2. The traditional potential energy method solves the timevarying meshing stiffness of spur gears
2.1. The basic principle of the potential energy method calculation
The potential energy method is a method for calculating the meshing stiffness of gears based on the mechanics of materials. In general, the basic idea of calculating gear meshing stiffness is to calculate the actual tooth contact deformation at the discrete rolling position, and thus determine the potential energy accumulated when the gear is meshed. The idea of the potential energy method applied in this paper is to treat the studied gear teeth as a variable crosssection cantilever beam. The flow chart of this article is shown in Fig. 1. During operation, gear teeth will be deformed due to the action of meshing force, such as contact deformation, bending deformation, shear deformation and compression deformation. The occurrence of these deformations causes it to generate potential energies such as contact and bending, which correspond to stiffness such as contact and bending, respectively. Solve for the corresponding stiffness values separately.
Fig. 1Flow chart of the ideas of this article
The total potential energy generated by two meshing gears consists of contact potential energy, bending potential energy, compression potential energy, shear potential energy, and matrix potential energy. Hence the total potential energy can be expressed as:
where, $k$ is the meshing stiffness of the gear mesh, ${U}_{h}$ is the contact potential energy generated by the contact of the two gears, ${U}_{b}$ is the bending potential energy generated by the bending deformation of the gear during the meshing process, ${U}_{a}$ is the compression potential energy generated by the compression deformation of the gear during the meshing process, ${U}_{s}$ is the shear potential energy generated by the shear force during the gear meshing, and the lower corner marks 1 and 2 are respectively represented as the main and driven gears. Which can be expressed as:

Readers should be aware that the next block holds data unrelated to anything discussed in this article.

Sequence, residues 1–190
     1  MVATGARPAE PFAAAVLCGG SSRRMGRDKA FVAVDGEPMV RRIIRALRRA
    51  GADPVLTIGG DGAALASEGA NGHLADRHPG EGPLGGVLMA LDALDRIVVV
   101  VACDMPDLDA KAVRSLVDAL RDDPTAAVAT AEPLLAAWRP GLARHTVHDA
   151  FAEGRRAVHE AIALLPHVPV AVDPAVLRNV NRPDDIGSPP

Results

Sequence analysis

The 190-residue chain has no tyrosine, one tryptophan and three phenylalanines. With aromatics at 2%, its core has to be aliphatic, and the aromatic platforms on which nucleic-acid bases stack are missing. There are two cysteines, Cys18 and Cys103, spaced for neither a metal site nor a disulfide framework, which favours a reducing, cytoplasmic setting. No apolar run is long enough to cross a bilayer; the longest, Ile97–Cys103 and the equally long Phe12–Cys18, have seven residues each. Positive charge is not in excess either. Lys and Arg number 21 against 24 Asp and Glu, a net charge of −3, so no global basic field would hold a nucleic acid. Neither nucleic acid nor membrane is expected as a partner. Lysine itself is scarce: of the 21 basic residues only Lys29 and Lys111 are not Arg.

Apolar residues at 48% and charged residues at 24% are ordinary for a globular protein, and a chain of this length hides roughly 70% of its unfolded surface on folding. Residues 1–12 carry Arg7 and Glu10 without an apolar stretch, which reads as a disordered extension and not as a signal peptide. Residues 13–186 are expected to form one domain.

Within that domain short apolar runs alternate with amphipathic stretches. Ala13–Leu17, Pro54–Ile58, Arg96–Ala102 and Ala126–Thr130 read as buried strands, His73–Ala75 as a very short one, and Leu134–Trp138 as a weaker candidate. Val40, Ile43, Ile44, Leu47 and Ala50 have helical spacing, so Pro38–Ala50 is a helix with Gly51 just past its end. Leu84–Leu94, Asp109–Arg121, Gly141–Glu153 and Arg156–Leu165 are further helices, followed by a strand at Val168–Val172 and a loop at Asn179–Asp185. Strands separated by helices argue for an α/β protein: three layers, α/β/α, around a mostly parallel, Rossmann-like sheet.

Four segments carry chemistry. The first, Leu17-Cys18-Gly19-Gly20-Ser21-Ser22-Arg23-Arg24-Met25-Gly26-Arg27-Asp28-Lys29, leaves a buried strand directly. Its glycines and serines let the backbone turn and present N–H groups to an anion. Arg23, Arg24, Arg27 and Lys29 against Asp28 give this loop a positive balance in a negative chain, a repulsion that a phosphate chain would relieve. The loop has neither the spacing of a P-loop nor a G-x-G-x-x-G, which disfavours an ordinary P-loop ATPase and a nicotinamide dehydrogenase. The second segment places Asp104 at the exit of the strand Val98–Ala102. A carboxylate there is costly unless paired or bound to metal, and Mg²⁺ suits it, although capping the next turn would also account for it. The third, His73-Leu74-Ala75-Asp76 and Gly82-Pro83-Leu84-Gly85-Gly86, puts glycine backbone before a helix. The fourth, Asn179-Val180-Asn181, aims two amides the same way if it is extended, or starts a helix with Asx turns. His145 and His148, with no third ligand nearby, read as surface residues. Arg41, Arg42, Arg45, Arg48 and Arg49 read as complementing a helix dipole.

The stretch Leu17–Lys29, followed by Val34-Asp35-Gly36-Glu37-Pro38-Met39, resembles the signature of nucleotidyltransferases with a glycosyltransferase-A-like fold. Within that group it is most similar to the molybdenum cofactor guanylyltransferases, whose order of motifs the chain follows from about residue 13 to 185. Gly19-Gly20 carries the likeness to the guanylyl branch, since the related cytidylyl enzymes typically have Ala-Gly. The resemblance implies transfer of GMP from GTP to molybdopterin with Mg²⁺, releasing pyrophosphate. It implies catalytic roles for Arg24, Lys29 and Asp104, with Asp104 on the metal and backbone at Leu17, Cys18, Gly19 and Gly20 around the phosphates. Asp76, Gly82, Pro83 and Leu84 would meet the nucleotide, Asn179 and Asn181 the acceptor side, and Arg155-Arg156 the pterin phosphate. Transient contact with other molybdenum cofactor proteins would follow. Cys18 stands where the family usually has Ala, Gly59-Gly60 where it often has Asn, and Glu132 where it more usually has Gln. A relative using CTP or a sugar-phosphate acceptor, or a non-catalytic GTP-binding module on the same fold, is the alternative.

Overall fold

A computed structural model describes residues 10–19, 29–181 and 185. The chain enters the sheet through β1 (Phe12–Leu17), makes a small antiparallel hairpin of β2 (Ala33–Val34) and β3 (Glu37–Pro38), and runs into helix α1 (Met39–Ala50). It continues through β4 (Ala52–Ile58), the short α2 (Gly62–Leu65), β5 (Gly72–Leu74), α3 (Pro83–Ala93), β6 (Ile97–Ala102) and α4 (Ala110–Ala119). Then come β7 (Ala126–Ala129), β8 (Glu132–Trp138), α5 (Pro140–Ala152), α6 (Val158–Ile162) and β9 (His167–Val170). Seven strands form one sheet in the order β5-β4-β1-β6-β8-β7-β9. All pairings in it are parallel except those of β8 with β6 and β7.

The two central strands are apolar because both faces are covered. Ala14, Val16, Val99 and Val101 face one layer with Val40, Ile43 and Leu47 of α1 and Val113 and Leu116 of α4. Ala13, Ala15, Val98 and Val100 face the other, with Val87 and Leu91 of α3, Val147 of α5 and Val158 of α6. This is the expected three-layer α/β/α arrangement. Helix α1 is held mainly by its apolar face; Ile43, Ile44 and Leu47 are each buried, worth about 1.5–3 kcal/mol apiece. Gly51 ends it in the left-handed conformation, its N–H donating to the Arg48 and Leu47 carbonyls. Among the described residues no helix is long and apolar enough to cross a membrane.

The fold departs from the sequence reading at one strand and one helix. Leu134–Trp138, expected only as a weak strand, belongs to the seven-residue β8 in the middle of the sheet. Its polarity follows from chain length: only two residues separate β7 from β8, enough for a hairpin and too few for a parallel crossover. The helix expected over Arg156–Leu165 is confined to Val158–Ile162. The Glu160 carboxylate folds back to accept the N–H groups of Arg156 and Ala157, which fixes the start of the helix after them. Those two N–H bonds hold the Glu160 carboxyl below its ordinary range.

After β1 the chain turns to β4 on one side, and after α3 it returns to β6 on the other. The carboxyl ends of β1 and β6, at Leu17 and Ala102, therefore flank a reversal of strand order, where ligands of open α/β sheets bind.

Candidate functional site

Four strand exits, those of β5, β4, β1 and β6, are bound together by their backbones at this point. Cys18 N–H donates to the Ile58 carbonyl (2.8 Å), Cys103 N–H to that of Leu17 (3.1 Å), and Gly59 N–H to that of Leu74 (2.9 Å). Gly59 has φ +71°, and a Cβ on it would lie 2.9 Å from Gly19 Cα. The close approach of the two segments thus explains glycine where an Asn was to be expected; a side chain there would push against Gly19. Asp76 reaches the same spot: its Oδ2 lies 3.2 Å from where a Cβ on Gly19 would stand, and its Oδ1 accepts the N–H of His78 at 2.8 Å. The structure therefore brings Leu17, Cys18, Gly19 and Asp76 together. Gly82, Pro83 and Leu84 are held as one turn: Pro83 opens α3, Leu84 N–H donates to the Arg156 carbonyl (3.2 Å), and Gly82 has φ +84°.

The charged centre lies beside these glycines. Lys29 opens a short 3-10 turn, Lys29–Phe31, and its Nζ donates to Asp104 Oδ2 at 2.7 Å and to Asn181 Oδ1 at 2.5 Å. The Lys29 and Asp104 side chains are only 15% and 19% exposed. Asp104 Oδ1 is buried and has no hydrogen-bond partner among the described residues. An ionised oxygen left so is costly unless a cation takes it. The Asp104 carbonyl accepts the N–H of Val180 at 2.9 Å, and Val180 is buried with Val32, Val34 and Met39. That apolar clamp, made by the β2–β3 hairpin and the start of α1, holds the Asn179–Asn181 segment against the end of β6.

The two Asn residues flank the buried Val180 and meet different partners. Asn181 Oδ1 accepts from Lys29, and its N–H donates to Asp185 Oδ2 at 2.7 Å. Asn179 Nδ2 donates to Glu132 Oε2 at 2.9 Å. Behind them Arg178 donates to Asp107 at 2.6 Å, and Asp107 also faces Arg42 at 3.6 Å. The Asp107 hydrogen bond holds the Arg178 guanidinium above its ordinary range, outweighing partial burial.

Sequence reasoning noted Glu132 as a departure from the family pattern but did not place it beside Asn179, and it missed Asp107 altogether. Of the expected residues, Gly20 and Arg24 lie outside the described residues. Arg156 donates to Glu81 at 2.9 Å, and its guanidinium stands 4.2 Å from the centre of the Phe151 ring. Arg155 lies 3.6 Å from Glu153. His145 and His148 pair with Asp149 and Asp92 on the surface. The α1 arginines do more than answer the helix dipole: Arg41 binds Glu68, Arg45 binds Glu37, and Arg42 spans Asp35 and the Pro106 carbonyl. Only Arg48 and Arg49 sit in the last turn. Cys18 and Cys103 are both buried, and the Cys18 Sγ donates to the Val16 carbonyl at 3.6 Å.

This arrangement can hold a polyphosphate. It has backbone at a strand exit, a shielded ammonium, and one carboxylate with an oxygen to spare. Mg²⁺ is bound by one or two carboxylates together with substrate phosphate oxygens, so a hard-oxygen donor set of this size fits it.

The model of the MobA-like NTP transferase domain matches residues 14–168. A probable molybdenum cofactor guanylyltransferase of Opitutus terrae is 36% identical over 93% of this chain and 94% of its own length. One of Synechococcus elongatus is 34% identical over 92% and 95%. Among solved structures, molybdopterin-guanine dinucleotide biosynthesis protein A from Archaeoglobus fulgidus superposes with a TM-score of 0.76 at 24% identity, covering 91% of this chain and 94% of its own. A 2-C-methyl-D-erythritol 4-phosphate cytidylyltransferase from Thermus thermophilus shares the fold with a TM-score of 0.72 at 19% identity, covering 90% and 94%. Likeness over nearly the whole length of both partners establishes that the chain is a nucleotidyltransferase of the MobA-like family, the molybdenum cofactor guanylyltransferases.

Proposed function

where, ${k}_{h}$, ${k}_{b}$, ${k}_{a}$, ${k}_{s}$ respectively represent Hertz stiffness, bending stiffness, axial compression stiffness, and shear stiffness, and their expressions are as follows. The subscripts 1 and 2 represent the driving gear and driven gear in the gear pair:
Eq. (7)Eq. (10) all are cited from the literature [12]. In the formula, $F$ represents the interaction force at the meshing point of the gear teeth, which is decomposed into radial force ${F}_{a}$ and tangential force ${F}_{b}$. $G$ is the shear modulus, ${I}_{x}$ is the moment of inertia of the tooth section at a distance of $x$ from the base circle, ${A}_{x}$ is the crosssectional area, $d$ is the distance between the meshing point and the base circle, and $h$ is the distance between the meshing point and the tooth symmetry line. $E$ is the Young’s modulus, $v$ represents the Poisson’s ratio, and $L$ is the tooth width.
2.2. The gear tooth comprehensive meshing is just solved
Most of the involute spur gear coincidence in our study is between 12, and the spur gear meshing process at this time will have the situation of alternating meshing of single and double teeth. As shown in Fig. 2, the teeth that enter the meshing on the left side of the two gears are regarded as the first pair of meshing teeth, and the pair of teeth that gradually exit the meshing on the right are regarded as the second pair of teeth. This pair of gears is assumed to enter the engagement from point A and end the engagement at point P, then the singletooth region is the BC segment, and the doubletooth region is the AB and CD segments.
According to the single tooth meshing stiffness Eq. (5) above, the comprehensive meshing stiffness formula can be obtained as follows:
where, ${k}_{a1\_i}$, ${k}_{b1\_i}$, ${k}_{s1\_i}$, ${k}_{f1\_i}$ represent the compressive stiffness, bending stiffness, shear stiffness, and matrix stiffness of the two meshing teeth of the driving wheel. $i=$1, 2 represents the teeth that enter meshing and the teeth that end meshing, respectively.
The above content is the basis for solving the meshing stiffness of gears using the potential energy method. Below, the meshing stiffness of a certain spur gear pair will be solved. The parameters of the spur gear pair are detailed in Table 1. Since the research object of this paper is a wind turbine gear, the following parameters are selected for research and analysis.
Fig. 2Schematic diagram of gear meshing
Table 1Spur gear parameters
Parameter name  Parameter symbol  Value 
Number of teeth  ${Z}_{1}$, ${Z}_{2}$  20,20 
Pressure angle  $\alpha $  20 
Tooth width  $B$  30 
Modulus  $m$  10